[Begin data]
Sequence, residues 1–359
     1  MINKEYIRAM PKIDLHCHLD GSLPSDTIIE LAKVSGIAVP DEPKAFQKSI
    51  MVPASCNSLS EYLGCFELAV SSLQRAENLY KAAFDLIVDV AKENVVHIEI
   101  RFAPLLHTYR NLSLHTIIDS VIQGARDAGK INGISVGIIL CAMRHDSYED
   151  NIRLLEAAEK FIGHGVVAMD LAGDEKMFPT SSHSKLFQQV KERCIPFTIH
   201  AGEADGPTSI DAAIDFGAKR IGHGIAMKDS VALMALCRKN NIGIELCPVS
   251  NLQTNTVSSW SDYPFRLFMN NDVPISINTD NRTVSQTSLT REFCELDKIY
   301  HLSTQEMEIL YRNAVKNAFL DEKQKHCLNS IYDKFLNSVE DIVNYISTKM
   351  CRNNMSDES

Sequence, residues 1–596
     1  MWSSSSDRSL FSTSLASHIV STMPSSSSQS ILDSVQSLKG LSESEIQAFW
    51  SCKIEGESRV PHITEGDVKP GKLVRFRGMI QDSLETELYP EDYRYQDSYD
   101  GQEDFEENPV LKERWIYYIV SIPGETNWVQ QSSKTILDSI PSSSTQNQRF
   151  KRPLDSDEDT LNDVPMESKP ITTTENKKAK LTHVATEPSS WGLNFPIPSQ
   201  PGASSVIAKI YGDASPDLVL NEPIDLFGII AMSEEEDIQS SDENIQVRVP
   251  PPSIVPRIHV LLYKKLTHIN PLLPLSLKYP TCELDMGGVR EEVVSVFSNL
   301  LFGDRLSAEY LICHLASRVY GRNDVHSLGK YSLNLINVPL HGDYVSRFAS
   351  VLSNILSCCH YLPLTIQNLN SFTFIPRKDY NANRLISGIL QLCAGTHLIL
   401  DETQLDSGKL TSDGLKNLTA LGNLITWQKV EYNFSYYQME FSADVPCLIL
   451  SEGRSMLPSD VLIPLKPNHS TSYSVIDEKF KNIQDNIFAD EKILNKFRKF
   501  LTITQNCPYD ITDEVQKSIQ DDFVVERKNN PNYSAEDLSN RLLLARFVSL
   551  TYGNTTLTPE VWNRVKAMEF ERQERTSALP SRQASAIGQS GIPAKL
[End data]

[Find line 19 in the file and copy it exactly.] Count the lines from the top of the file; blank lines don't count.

   401  DETQLDSGKL TSDGLKNLTA LGNLITWQKV EYNFSYYQME FSADVPCLIL